Figure 4 FTIR spectra of the precipitates for each test at different tryptone (T) concentrations.  

Table 2 Bands of the FTIR spectra for the obtained precipitates at different tryptone concentrations. 

Source: [1,21-32]

Fig. 5 illustrates SEM images. All the precipitates presented a cylindrical, hollow structure formation pattern with an external diameter of approximately 1 µm and variable lengths between 5 µm and 15 µm, possibly originated from the biomineralization of calcium carbonate nanoparticles over the microorganisms. Probably, the bacteria had a surface with charged nucleation sites where the mineral could initialize its generation [23]. The samples of the assays with the highest tryptone concentrations (Fig. 5d) also presented other typical structures, including spherical particles which correspond to the formation of vaterite [29]. Other formations founded were ramified carbonate less than 1 micron (Fig. 5h), product of particles that did not probably tend to form the shells of microorganisms. The accumulation of some particles (Fig. 5i) could be attributed to the washing phase of the precipitates.

Figure 5 SEM images of the precipitates of the tests at varying tryptone concentrations. Formation of bacillary structures from the biomineralized microorganisms of the tests 0.2% T (a), 0.4% T (b), 0.6% T (c) and 1.0% T (e). Accumulation of vaterite spheres in the 0.8% T (d) test. Magnification of the precipitates of test 0.4% T which indicates that the cylindrical structures are hollow (f). Coating of the shells with stem shaped mineral growths (g and h) and accumulation of agglomerate particles (i).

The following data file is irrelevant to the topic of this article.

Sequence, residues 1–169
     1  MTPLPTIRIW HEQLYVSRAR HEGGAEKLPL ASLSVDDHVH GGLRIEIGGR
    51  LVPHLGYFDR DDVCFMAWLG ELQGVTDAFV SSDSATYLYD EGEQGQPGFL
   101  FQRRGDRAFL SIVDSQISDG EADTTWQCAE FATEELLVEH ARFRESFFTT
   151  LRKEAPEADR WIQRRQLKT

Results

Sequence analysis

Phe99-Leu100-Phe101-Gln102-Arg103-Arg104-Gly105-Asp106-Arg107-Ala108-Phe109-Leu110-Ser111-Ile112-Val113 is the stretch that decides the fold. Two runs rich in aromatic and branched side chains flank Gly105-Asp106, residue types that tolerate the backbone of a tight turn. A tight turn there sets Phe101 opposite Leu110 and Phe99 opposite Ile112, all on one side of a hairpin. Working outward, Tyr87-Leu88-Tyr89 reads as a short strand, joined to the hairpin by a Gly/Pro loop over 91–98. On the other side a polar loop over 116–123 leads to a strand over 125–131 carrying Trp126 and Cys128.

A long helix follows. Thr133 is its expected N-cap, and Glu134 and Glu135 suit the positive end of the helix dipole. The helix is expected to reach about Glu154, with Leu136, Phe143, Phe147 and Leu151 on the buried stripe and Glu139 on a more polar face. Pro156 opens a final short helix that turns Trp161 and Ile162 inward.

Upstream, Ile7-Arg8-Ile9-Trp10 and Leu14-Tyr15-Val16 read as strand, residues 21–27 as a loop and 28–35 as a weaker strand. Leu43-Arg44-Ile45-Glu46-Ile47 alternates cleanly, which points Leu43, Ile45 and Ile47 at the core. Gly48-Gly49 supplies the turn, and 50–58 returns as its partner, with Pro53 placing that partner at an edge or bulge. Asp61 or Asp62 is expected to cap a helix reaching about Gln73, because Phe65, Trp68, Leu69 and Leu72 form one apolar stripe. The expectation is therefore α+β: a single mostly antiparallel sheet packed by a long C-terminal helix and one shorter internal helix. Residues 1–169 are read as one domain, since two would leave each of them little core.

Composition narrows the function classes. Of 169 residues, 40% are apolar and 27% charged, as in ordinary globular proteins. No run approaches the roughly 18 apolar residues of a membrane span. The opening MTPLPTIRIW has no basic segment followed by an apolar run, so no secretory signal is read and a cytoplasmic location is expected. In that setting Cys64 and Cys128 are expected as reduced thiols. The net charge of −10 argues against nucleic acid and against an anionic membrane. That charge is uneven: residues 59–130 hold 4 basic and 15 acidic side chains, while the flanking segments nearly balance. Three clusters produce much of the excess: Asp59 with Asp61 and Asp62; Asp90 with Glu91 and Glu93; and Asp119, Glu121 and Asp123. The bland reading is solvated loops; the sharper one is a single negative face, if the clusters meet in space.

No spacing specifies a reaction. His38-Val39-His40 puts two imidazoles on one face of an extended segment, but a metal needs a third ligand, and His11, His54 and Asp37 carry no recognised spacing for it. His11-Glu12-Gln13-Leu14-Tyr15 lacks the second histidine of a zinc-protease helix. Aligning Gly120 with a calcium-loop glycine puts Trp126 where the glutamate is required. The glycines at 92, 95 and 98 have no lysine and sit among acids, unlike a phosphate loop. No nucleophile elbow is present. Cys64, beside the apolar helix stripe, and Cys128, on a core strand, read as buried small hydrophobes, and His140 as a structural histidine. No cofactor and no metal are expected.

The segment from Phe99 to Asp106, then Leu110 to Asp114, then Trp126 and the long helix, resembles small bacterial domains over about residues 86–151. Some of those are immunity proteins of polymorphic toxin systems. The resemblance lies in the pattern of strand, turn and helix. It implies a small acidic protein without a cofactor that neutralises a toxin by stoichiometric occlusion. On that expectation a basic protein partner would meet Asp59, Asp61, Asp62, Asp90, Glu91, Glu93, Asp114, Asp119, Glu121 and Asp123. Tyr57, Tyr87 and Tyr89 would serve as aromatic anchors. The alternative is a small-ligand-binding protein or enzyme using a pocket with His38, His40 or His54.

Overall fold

From the SEM and EDS analyses, microchemical analyses were carried out to some of the structures found in the precipitates (Fig. 5). Fig. 6 and Table 3 illustrates the particles that covered the biomineralized shells of the microorganisms (assay 0.4% T), where a low calcium concentration and a high carbon concentration was identified. Comparing with the ideal atomic relations of calcium carbonate (1 Ca:1 C:3 O), it indicates that the particles or their surroundings presented components of organic matter possibly from precipitated organic compounds, product of the reaction mechanisms of the microorganisms or traces of the bacteria that were within the structures.

Source: The authors.

Figure 6 EDS of the particles that coated the shells of the biomineralized microorganisms (test 0.4% T) 

Table 3 Microchemical analysis of particles that coated the shells of the biomineralized microorganisms (Fig. 6).  

Source: The authors.

Fig. 7 and Table 4 shows the microchemical analysis of the surface of a shell (assay 0.4% T). The highest calcium peak indicates a higher purity in the structure. Notwithstanding, the high carbon content indicates the presence of residual organic matter in the surroundings.

Source: The authors.

Figure 7 EDS of the shell of the biomineralized microorganisms (test 0.4% T). 

Table 4 Microchemical analysis of the biomineralized microorganisms (Fig. 7). 

Source: The authors.